|Publisher: MacSoft Genre: Action|
|Min OS X: Not Supported CPU: G3 @ 300 MHz RAM: 96 MB Hard Disk: 84 MB 2x CD-ROM|
|Rainbow Six: Rogue Spear|
March 5, 2001 | Kit Pierce
Rainbow Six: Rogue Spear is a sequel to the popular title Rainbow Six, which places you as the commander of a top-secret multinational covert-ops team battling terrorism around the world. With surgical precision, you enter a zone, strike, and get out, all the while advancing an intriguing plot.
Let's be honest here: Rainbow Six was not the most fabulous game in the world. It was a very good idea that didn't seem to be very mature -- AI, graphics, and multiplayer all had some flaws. Its sequel, Rogue Spear, is really close to being a perfect game, though. It's taken the Rainbow Six idea, refined it, retooled its graphics, sent its bad guys to terrorism school, fixed some major gaffes in multiplayer mode, and returned as a very mature game. At the very least, it's addicting.
To reduce in-game load times, I opted for the 500+ MB full install. When I realized that all that added was the incredibly large intro movies that, if present, play every time the game is launched, I reinstalled with the 300 MB standard option. Even after all that hard drive space, Rogue Spear requires you to have the CD in the drive. Understandable, but annoying.
Happily, the game CD comes with Game Ranger if you don't already have it, and a Rogue Spear mod conversion utility (yes, it supports mods, but more about that later).
I wasn't fully prepared for the experience I was going to have with Rogue Spear when I received my copy. I was expecting more of a twitch experience like Quake or Unreal. I'm not sure why, but I was. That's why I jumped right into the first mission after quickly reviewing the key mappings in the games options menu. What's to know? You're a covert-ops commando with big guns blazing going in to kill terrorists and rescue hostages.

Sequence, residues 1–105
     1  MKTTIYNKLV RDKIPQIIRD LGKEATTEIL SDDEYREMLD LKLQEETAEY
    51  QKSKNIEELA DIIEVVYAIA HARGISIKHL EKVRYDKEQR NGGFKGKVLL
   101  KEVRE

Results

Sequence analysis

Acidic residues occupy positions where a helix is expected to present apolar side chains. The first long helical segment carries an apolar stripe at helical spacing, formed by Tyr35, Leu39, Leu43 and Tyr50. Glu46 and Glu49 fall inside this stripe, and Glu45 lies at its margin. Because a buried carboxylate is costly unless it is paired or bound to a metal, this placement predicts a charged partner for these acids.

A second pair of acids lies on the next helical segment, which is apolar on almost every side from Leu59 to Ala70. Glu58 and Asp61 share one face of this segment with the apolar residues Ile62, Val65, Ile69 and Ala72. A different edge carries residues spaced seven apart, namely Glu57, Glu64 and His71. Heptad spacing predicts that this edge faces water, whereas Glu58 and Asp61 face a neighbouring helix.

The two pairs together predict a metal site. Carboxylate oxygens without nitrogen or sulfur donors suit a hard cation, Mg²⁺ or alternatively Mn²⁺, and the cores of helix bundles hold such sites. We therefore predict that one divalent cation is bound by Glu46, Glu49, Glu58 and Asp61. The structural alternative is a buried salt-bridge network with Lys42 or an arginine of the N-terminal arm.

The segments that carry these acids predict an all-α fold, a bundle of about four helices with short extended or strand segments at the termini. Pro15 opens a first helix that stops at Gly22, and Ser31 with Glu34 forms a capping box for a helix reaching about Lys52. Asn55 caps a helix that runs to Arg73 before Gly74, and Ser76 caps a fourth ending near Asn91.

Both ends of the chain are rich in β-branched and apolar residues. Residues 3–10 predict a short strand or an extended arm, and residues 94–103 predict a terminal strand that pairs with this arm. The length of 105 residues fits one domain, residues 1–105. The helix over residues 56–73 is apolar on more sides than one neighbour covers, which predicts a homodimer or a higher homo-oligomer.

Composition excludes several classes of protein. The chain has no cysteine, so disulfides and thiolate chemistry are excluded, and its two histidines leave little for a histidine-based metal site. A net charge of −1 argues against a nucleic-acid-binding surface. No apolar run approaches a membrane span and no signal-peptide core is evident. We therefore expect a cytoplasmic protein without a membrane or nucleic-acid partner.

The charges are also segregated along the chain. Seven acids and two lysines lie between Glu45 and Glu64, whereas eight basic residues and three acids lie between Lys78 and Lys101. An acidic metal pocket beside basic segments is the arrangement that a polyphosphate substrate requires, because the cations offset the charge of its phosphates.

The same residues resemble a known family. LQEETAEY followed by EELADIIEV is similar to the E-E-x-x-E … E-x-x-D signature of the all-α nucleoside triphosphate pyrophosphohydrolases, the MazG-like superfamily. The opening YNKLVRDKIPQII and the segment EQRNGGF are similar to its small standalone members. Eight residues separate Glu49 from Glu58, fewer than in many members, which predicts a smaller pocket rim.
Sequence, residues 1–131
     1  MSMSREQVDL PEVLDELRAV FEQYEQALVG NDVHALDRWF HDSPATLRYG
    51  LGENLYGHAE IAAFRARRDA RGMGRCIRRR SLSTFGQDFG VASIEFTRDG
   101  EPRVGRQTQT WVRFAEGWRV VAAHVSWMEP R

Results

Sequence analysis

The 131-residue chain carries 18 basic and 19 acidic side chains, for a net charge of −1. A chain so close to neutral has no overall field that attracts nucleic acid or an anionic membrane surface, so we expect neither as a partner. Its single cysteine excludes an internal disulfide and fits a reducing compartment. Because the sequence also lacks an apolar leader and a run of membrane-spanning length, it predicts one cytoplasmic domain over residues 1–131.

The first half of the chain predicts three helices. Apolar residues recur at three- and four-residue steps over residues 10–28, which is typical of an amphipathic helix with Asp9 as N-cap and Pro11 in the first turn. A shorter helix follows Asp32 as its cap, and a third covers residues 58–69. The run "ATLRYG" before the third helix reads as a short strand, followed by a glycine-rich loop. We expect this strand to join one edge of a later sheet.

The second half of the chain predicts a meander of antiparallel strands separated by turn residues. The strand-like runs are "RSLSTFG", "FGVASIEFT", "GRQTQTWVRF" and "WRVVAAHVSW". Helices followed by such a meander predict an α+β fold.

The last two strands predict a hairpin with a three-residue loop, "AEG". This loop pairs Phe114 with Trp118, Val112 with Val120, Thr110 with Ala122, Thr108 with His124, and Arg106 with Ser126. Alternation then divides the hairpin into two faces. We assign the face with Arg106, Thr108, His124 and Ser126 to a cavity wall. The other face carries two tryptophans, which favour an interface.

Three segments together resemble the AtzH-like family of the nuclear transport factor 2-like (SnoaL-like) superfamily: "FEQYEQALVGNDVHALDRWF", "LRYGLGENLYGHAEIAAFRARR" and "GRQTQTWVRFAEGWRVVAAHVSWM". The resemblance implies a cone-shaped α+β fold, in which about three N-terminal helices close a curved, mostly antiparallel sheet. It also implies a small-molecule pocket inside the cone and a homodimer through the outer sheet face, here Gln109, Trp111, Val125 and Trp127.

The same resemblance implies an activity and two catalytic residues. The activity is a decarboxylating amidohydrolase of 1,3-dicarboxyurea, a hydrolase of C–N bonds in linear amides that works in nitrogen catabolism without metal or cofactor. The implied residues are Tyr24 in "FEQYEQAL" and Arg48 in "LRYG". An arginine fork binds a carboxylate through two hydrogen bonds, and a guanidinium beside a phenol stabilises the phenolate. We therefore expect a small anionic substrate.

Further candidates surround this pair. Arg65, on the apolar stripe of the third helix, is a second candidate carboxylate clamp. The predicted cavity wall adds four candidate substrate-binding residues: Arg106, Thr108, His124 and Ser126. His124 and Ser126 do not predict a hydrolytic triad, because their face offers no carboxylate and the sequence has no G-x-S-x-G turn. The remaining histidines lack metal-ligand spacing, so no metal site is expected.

I suppose that attitude is why I got my tail utterly decimated within the first two minutes of the first mission. Time to read the manual. And what a great manual it is, too. Not only is it very easy to read and follow, not only does it describe, in detail, every piece of weaponry and article of gear a covert-ops team could ever want, it gives you a walk-through of the first mission in the game. Hands-on experience is a very valuable thing. Having a great manual doesn't hurt, either.
Rogue Spear doesn't simply throw you into the middle of a mission and force you to figure your way out. It tries to give you as realistic an experience as possible (without the prerequisite boot camp and command school) in planning and executing precision military operations. And what simulation would be complete without the inclusion of a proper training and proving grounds? Rogue Spear offers a comprehensive training course to take you through the paces and help you familiarize yourself with the controls of the game, the planning phase, and the actual command or one or more strike forces.
It's a good idea to take the time to learn these tutorials well and perfect their lessons with zero casualties because once you're playing an actual campaign, if one or your team members dies, they're dead for good. If they're wounded and merely down, they'll heal, but they'll be off your duty roster for a while.
There are a plethora of controls to get yourself comfortable with in Rogue Spear. The pre-mapped (and very essential) keys leave only a handful of spare keys on your computer unmapped by default. There's a quick-reference card included with the game as well as one printed on the back of the CD-case. The publishers were awfully thoughtful in this respect, but do yourself a favor and memorize the keys. You don't want to accidentally order a "frag room" command when you meant to give a "go code bravo" command.